Goodbye Mitsubishi Lancer
Mitsubishi will not continue it’s compact sedan, the Lancer. Facing weakening demand globally for sedans, the manufacturer has decided to retire the Lancer moniker (for now). Focus instead would be placed on their SUV and Crossover range, especially for the North American market.
The popular compact sedan has been one of the most seen-on-the roads since the mid-70s, producing sensible point A to B cars, and also created at that time, their crazy over the top Lancer EX 2000 Turbo, which predated their Evolution series of cars. So successful was the Lancer nameplate in the early 80s, that Mitsubishi even sold a Colt based model alongside the ‘real’ Lancer, called the Lancer F.
Back then, the auto manufacturer carried the distinction of producing technological innovations, like their Silent Shaft Technology, which worked on counterbalance shafts which cancelled vibrations, creating a smoother drive for four cylinder engines, technology which even found its way into the Porsche 924. Their “8-speed” and 2 reverse gear ratio-ed Supershift transmission (although not featured in the Lancer, but I had to mention it here) had proven to be interesting, yet almost confusing to use back in the day (Hey! I can reverse faster than you can! *Me Gusta*).
In the late 80s the Lancer was one of the first compact sedans to feature a fuel injected engine, by way of their Lancer 1.5 GLXi, and Lancer GTi.16. Variable Valve Timing also became the norm, and the Lancer was quick to field their version, the MIVEC in some of their cars.
So reliable they were, the Lancer platform was utilised by Malaysia’s national car effort, Proton, for their first and second generation compact sedans, the Saga and Wira.
Every generation also featured a hot lancer of some sort, and somewhere in the mix in the later years, the Evolution series of rally inspired cars were born; cars producing legendary supercar equivalent performance, within an econobox footprint, solidifying its cult car status, with its man-in-the-street reachability. At the same time, the Evolution cars left their mark at the WRC. The Ralliart built cars won the Constructors Title at their peak, back in 1998, with the Evolution IV and V models.
Their Group N production cars had also proven themselves to be formidable competition, with near standard factory built Lancer Evolutions winning seven consecutive titles across 1995 to 2001. It is no wonder that the Evolution has had such a strong following, inspiring many vanilla Lancer owners here to plant Ralliart stickers with pride on their cars.
Over in Singapore, with its approximately half-million private cars, sedans have been seen as the traditional main staple of a ‘proper’ car. While the Lancer is still somewhat highly popular, and sitting in a market segment similar to the likes of the Toyota Corolla Altis, Volkswagen Jetta and the newly launched Honda Civic, Mitsubishi has been plodding along ever since with the same Lancer model, but with different engine and transmission combinations, while nose and tail styling has been kept afresh, as best as they can.
In 2008, the current car reached our shores with a 1.5 litre or 2.0, both mated to a CVT transmission. More recently, we saw the introduction of their proven 1.6 litre power plant, mated to their 4-speed INVECS II transmission, which first made its appearance in the 1997 model.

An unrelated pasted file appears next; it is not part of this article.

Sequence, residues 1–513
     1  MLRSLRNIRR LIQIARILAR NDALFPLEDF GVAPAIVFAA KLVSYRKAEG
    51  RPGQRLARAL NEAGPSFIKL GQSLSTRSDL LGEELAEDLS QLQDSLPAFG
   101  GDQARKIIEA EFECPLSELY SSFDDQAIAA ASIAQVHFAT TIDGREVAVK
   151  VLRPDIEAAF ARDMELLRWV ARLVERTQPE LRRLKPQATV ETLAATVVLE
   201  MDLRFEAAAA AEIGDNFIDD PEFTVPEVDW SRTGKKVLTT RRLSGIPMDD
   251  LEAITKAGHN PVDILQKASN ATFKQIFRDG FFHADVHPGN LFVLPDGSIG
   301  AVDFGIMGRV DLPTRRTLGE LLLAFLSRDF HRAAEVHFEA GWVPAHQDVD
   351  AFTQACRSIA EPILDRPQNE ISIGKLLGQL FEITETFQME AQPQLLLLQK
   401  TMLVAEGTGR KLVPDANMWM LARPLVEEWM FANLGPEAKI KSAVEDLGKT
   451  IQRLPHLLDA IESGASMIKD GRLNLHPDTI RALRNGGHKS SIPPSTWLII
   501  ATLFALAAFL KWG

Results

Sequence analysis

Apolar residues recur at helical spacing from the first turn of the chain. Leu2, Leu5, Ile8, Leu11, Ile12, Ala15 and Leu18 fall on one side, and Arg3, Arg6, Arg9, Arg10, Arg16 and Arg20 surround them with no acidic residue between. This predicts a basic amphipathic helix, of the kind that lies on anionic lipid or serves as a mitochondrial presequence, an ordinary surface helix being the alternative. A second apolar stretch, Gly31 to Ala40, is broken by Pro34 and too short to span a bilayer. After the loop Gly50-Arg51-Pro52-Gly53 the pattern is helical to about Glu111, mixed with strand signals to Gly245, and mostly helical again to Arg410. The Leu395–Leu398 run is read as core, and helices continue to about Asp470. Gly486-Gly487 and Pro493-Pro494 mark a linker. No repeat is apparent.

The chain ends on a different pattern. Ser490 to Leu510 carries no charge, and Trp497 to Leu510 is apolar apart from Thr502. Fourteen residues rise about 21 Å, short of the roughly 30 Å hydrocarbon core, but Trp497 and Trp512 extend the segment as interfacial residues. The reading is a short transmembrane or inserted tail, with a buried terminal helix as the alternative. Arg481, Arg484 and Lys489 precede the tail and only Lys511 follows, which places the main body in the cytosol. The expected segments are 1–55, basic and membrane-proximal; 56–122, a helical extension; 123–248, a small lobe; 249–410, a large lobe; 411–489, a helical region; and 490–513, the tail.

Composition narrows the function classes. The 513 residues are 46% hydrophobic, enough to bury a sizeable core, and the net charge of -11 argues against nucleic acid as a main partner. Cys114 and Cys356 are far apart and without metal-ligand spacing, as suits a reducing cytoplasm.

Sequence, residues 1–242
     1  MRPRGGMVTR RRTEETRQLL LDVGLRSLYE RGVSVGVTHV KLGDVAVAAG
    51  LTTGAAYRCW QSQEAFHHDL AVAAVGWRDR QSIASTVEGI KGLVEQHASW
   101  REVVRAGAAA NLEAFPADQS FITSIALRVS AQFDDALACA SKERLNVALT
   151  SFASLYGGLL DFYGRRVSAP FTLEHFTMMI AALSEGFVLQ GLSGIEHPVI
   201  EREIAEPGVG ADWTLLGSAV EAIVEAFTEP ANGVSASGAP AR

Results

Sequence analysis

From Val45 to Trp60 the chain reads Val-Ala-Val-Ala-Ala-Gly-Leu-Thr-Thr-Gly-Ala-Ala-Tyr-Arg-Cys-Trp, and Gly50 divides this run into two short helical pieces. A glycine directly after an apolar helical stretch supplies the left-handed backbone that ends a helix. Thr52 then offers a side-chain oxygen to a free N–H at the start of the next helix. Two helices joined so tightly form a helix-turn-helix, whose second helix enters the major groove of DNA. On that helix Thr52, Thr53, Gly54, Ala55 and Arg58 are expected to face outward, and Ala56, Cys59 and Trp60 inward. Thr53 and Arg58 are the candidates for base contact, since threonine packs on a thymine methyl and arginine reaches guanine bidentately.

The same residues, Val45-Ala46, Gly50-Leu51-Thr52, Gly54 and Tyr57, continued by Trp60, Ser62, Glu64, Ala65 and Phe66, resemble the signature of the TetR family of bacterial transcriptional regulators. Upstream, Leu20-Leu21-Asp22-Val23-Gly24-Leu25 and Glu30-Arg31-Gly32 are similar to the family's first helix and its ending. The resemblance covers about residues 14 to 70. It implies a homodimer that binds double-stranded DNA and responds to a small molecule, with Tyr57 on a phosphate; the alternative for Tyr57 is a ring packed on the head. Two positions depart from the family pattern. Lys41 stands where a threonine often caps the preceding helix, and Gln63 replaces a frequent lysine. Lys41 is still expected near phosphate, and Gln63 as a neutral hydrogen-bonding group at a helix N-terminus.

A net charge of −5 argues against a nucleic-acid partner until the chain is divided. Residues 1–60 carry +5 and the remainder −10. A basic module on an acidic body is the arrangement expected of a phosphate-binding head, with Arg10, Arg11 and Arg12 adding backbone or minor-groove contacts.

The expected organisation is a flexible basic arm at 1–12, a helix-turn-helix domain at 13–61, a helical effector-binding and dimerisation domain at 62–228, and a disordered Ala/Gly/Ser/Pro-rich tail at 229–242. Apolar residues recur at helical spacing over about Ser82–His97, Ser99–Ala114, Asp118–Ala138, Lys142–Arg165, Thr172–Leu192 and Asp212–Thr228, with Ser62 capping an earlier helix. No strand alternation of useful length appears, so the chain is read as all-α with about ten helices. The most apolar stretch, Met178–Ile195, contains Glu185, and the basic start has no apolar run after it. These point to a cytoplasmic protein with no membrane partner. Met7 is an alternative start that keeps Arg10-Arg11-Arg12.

As the years plied on, the Lancer did begin to show its age, especially when the competition in some cases, have churned out three models, or at least, have gone through several face lifts, and now have eventually introduced a model change. In 2017, the Lancer soldiers on likely for one final year.
With the most recent scandal costing the company around USD2 Billion last year, for falsifying fuel economy figures for one of their Kei cars, and a number of other scandals that the company had weathered through in the past, this has put the automaker into a less than ideal position to do very much R&D work for their product line-up.
Fortunately for Mitsubishi, Nissan had, back in 2016 bought over a controlling stake in the struggling car firm. This may however prove to be a double edged sword, as the fresh funds from the Renault-Nissan partnership may save the company; however there will likely be an extensive re-look of their entire product line-up over the next few years. It would after all not make much sense in Nissan’s case, to have a car brand which you own, compete in the same market segment.
Having said a very fitting good bye recently, with their final Evolution X model, what will be next for the manufacturer?
While we do occasionally come across renderings by various enthusiasts of their idea of what the “New 2018 Lancer” might look like, some of which did look quite attractive, and many do remain hopeful, we would likely not see a new Lancer materialise from Mitsubishi.
While we can expect more SUVs and Crossovers in the coming years, Mitsubishi will also focus their energies on their line-up of electric vehicles, pooling precious resources with the Renault-Nissan alliance. Locally, we have also seen the recent launch of the Space Star, the hatch version of their successful Attrage subcompact sedan, at the Singapore Motorshow 2017. While the Lancer moniker may be laid to rest for now, we can expect in the near future, a new product line-up, with changing times, will take on quite a different approach to what we have all been accustomed to.
While we bid goodbye to a car that many of us may have held close to us at some point of our lives, as a trusty mode of transport, and may have even detailed or washed it with pride. With an illustrious product run of more than 40 years, here is a look at some of the Lancers of the past.